Sounds like a familiar story? You bet! It happens in every clinic here in the Philippines. And you’re not even in a queue for charity patients – but even if you are in one it’s no excuse to be late.

Tardy doctors are not on my list. If you live in the provinces, better find one nearby who is good and can give you all her time when it’s your appointment time.

3. You and your doctor don’t jive.

Getting well from a debilitating disease or any disease for that matter means your doctor and you have to work as partners in finding a solution to the problem. You and your doctor don’t need to always see eye to eye on certain things – but you need to agree to an amicable resolution of the problem.

The problem starts when you never get to agree on some of the more vital issues regarding your disease. Or there is a mismatch in work styles and beliefs. Wherein he insists on taking a more conventional approach to the problem and you are more open to trying new things.

Either way, there is a need to separate and go your own ways. Find another doctor.

4. She/He never bothers to keep you fully informed.

Ever met one of those doctors who dishes out recommendations for new treatments and never bothers to explain them to you? Or assumes that you are a walking, comprehensive dictionary of medical terms or a database of the latest, advanced technologies? And never asks if you understood what she just recommended or “why” you need to take this treatment or test and just assumes you will agree to it?

Dear patient, find another doctor who is more compassionate to your needs – and your lack of information on the problem.

5. She/He is utterly condescending.

Since doctors sometimes hold the key to the life and death of some patients, they might think they are the most important people in the world and that everyone must follow them. If you feel that your doctor is condescending to you and never or hardly listens to your suggestions, then better replace them with another one who will treat you right as an individual equal to them.

6. The doctor’s staff are unprofessional.

Your doctor’s secretary or receptionists are your first link between you and your doctor. If they are unprofessional in dealing with you, like they forget to give your message to the doctor during an emergency, or doesn’t give you the courtesy that you are entitled to at the clinic, then better reconsider your choice and find another doctor.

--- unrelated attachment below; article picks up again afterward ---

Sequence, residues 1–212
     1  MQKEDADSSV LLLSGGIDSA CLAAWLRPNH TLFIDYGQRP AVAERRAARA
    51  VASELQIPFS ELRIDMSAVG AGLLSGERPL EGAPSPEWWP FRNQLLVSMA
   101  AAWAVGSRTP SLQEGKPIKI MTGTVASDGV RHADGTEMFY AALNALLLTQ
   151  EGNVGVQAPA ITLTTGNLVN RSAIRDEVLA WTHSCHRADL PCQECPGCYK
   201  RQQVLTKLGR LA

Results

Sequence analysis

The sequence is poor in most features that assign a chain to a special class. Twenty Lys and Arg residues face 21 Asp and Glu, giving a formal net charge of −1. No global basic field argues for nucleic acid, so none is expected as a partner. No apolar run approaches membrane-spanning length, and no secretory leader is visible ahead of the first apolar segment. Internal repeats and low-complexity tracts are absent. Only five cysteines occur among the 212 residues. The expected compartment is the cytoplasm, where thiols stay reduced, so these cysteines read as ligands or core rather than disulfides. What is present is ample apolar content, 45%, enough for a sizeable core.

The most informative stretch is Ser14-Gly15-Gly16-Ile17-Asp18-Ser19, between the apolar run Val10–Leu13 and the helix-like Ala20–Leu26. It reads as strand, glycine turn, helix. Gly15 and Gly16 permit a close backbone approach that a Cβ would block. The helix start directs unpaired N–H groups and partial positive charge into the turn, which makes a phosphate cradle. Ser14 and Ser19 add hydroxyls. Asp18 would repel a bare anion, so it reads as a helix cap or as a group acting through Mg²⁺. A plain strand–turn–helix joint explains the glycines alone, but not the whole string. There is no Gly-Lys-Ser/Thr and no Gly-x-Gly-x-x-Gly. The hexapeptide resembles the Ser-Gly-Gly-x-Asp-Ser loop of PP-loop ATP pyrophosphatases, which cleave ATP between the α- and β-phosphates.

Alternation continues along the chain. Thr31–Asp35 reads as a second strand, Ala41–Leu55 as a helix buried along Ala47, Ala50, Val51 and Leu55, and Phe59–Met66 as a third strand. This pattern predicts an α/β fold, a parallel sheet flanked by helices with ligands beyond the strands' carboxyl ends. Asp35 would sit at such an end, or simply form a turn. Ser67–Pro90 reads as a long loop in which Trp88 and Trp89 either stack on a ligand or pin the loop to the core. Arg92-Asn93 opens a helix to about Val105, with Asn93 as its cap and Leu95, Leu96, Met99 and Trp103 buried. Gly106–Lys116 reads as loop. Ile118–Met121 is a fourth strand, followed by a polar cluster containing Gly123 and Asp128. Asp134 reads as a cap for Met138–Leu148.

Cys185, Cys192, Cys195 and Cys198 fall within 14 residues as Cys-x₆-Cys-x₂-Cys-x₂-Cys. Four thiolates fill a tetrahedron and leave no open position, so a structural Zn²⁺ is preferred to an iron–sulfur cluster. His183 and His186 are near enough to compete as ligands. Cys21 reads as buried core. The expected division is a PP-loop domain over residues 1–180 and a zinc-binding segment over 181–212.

As an aside, if the staff are unprofessional, sometimes it reflects the character of the doctor too ;).

7. You doubt her/his competence or worse, you don’t trust her/him.

Obviously, there must be something that must have happened between you and your doctor to have triggered the mistrust or doubt. But if you can’t share your most intimate details or your greatest fears about your disease with your doctor or you hesitate following her prescribed recommendations more often than not, then it must be time to look elsewhere for help.

8. She/He doesn’t work well with other doctors or caregivers.

Your doctor is the greatest manager of your health and your subsequent recovery from disease. If she is not inclined to coordinate with other doctors on your treatments or even liaise with your caregivers regarding your treatments or alternative therapies, perhaps she shouldn’t be working with you. Seek another doctor who is more compassionate to your needs.

9. Your doctor is unreachable when you need her/him most.

A real requirement for a good doctor is accessibility when emergencies are there. You might be having a heart attack or a terrible mind-numbing pain – but you can’t contact your doctor. She has a voicemail saying to leave a message and she’ll call back soon – but she never does or only after 2-3 hours. Nowadays, technology is so advanced that you can reach your doctor by instant text messages or Skype even on the go. Find one that is easily accessible and is okay to be bothered by the most critical moments of your sickness.

How about you – do you have any other tips or suggestions about replacing your doctor for a better, more empathetic one? Share your ideas in the comments section below!

Image by jennycepeda / CC BY 2.0